Education Gets a Boost in Clinton's FY98 Budget

By Flagg, Gordon | American Libraries, March 1997 | Go to article overview

Education Gets a Boost in Clinton's FY98 Budget


Flagg, Gordon, American Libraries


President Clinton gave education spending a major boost in his proposed budget for fiscal year 1998. The budget, submitted to Congress February 6, also contains $136.4 million for the new Library Services and Technology Act (LSTA) - the same amount that had been approved in FY97 for library programs in the Library Services and Construction Act and the Higher Education Act II-B.

The line item for library programs now appears under the "Other Independent Agencies" section along with the line item for the Institute of Museum and Library Services. The administration's budget request for IMLS is $26 million; the Institute of Museum Services received an increase to $22 million in FY97.

The overall education budget provides line items to support the new Clinton education initiatives announced over the last few months, such as the Hope scholarship tax credits, the school construction initiative, increases in Pell grants, and increases (already begun in FY97) of work-study slots to be devoted to the America Reads initiative.

In other areas of the education budget, GOALS 2000 would be increased to $620 million, a hike of $129 million from FY97. The budget would increase Educational Technology to $500 million to help meet President Clinton's goal of linking every school to the information superhighway by the year 2000.

The budget would eliminate Title VI Innovative Education Program Strategies block grants. These grants were the former Chapter 2 block grants and, according to Department of Education sources, 40% of the past funding went to school libraries for materials. However, the narrative accompanying this year's budget material claims that the "overall purpose of the program - supporting school reform - was not achieved because of the broad, vague, and overlapping nature of the activities eligible for funding." The narrative further states that "the majority of the activities supported by Chapter 2 received only a small percentage of their funding from the program and thus would be likely to continue in its absence."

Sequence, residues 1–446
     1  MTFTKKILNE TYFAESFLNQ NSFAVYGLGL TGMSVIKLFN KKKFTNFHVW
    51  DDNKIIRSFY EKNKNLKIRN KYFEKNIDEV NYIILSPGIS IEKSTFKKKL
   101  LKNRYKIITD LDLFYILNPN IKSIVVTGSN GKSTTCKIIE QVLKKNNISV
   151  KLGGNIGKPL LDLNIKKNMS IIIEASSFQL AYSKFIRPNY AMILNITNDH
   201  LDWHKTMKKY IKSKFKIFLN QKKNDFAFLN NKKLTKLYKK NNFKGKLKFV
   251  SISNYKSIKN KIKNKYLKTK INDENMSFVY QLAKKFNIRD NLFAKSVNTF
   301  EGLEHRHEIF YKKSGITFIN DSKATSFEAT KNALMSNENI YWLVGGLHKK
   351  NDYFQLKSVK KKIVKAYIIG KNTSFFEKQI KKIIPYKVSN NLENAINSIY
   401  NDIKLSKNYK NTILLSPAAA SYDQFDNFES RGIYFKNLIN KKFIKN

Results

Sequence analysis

Congressional roadblocks ahead?

ALA's Washington Office points out that the administration's budget increases education funding by 20%, according to the Office of Management and Budget. If the discretionary spending for education, along with the proposed mandatory spending of the school facilities infrastructure initiative and a number of tax breaks for students, is added to other education increases in Labor and Head Start, the total is around $9 billion. …

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Education Gets a Boost in Clinton's FY98 Budget
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